A bit west of Navajo Bridge are a few little towns (really just wide spots in the highway with a motel and/or restaurant). We'd been told that the restaurant at Cliff Dwellers was the best restaurant within 100 miles of Page (not too hard to believe -- Page is a beautiful town surrounded by amazing scenery, but restaurants are a major weak point as a tourist destination). Planning a dinner there didn't work out, but we hoped to stop there for a late breakfast. But we got sidetracked: it turns out Cliff Dwellers has an amazing little unsigned, unlabelled pullout just out of town full of weird rocks some of which have been built into parts of a house. There's no signeage anywhere, and we have no idea what the story is, which sort of adds to the charm of this interesting and unexpected find. We hung out for a while exploring and taking pictures, so by the time we pulled in to Cliff Dwellers proper it turned out we'd missed breakfast and we had to settle for lunch, which was good enough to lend credence to the "best restaurant" advice. (If anyone goes there based on this writeup, the advice we were given also stressed trying the [name forgotten] chocolate cake; the closest I saw to that on the dinner menu was a chocolate souffle (yum), so if you go there and you have any urges toward chocolate, keep it in mind.)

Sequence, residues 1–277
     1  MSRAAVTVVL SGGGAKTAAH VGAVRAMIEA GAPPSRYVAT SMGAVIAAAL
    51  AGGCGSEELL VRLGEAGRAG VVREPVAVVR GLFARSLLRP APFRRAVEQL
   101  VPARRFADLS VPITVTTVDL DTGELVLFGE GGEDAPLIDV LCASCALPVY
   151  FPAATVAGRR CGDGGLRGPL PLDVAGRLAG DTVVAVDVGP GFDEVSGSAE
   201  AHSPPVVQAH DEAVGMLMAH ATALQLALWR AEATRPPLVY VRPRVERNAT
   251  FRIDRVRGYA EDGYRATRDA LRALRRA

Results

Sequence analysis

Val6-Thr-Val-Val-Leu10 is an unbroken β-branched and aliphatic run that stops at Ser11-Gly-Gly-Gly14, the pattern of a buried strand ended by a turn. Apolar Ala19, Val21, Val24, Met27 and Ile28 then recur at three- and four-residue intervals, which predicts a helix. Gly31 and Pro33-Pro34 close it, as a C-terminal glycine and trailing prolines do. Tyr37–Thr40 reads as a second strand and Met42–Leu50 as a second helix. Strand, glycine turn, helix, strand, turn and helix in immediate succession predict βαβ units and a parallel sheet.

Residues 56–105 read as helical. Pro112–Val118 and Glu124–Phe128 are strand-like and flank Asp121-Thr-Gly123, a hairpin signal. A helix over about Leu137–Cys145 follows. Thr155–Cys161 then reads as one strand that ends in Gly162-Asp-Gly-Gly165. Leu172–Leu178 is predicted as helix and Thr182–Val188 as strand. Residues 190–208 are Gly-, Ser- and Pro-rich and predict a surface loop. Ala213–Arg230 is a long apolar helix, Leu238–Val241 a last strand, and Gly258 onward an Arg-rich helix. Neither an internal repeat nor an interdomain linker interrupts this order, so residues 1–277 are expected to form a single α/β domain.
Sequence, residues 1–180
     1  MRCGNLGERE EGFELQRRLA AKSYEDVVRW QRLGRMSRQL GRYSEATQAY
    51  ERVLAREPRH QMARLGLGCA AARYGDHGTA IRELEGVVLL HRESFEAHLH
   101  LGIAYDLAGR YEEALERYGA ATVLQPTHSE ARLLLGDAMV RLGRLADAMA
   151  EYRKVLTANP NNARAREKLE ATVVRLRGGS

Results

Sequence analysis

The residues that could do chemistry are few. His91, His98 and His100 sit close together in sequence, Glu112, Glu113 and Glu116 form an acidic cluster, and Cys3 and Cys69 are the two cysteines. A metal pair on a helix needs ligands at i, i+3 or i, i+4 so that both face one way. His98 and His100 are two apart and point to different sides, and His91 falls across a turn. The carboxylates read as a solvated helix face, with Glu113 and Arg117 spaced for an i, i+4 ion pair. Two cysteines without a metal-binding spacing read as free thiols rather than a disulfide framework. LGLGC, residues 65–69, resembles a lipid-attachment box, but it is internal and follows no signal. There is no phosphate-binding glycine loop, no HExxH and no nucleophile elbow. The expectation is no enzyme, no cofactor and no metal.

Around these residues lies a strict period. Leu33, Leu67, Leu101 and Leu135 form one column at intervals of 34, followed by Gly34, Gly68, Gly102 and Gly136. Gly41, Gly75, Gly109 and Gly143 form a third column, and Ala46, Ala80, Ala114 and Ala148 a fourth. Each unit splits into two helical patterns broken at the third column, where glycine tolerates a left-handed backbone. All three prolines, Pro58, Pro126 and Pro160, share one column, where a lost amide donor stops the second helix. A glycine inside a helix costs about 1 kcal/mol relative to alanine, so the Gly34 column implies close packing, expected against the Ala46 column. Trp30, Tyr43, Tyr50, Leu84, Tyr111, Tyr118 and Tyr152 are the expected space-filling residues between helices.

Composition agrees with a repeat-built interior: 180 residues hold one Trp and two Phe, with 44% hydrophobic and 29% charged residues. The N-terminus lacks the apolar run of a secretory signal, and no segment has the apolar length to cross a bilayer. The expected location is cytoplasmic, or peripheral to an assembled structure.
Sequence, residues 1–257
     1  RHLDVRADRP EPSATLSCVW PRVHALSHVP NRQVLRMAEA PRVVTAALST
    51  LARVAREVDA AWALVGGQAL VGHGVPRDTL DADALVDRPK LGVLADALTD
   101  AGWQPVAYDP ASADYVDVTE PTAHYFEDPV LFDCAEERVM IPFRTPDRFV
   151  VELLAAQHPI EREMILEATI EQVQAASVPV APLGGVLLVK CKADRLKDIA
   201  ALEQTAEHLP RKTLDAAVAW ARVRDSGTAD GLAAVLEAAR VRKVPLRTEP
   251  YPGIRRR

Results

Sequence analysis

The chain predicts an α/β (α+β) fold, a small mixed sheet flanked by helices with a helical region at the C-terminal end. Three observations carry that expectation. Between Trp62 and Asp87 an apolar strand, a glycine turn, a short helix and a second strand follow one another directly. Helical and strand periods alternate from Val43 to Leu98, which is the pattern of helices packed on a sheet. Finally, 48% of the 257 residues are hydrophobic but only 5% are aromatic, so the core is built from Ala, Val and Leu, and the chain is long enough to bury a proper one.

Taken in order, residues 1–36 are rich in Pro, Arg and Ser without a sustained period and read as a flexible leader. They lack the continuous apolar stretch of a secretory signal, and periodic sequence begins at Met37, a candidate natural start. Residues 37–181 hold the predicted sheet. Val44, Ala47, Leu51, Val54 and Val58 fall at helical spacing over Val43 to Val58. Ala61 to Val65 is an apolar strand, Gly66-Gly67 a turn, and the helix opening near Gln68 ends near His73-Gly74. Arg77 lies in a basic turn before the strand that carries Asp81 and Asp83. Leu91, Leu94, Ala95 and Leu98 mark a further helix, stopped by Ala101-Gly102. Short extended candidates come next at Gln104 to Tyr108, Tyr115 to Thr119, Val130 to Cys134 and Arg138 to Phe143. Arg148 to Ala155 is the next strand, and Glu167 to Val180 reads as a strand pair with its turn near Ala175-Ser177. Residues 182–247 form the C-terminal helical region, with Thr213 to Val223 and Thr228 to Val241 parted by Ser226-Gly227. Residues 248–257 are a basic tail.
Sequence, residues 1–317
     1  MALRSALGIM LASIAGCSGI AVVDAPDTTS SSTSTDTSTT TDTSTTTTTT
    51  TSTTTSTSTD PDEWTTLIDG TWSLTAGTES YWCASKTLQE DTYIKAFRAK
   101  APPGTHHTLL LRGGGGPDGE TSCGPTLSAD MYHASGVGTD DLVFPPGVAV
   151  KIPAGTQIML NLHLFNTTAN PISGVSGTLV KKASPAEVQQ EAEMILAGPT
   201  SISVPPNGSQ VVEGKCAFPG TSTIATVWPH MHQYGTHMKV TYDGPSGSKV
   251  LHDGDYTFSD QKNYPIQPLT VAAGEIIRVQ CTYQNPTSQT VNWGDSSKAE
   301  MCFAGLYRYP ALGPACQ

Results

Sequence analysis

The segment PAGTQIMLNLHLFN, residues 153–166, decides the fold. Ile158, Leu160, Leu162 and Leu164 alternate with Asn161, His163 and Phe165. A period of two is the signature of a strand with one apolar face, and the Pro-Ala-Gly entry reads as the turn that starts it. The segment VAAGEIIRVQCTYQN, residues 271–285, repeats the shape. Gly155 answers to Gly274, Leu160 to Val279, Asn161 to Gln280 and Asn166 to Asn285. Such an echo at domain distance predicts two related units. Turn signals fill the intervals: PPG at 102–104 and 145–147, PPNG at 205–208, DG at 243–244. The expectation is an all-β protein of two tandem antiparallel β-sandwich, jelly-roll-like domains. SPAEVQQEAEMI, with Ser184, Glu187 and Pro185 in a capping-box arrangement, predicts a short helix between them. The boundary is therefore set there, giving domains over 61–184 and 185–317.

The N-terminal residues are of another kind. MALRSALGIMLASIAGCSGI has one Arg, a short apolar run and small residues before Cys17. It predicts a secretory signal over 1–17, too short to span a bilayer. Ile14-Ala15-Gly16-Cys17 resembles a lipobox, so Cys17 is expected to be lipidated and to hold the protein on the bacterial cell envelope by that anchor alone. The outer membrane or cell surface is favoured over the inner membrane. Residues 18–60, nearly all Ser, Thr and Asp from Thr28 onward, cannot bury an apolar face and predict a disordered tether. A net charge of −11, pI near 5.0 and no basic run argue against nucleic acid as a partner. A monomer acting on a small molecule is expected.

After brunch, our next goal, also based on a recommendation from our kindly Page informant, was to head toward Wire Pass in the Vermillion Cliffs Wilderness area of the Pariah plateau. It turned out the BLM Grand Staircase Escalante map mentioned Wire Pass briefly as being somewhere off House Rock Valley Rd, and it looked on the map like we could take that (dirt) road from highway 89A up to Wire Pass, poke around and see what was there (we weren't entirely clear except we were told it was very worthwhile and involved slot canyons) then continue on House Rock Valley Rd. up to highway 89 and take that into Kanab (perhaps detouring a bit to go see the Cockscomb if we ended up with extra time).
We found the dirt road with no trouble, and it was a very easy, scenic, and well signed road. We had no trouble finding the Wire Pass trailhead (which was packed with cars, even on a Thursday in October way out down a remote dirt road) and there's a fee pay station at the trailhead (our national park pass didn't get us any extra credit even though it's a national monument, probably because of the wilderness area). There was no map and no information about what we might be looking for or how far it might be, so we hoisted water bottle and camera and set out down the arroyo into the unknown.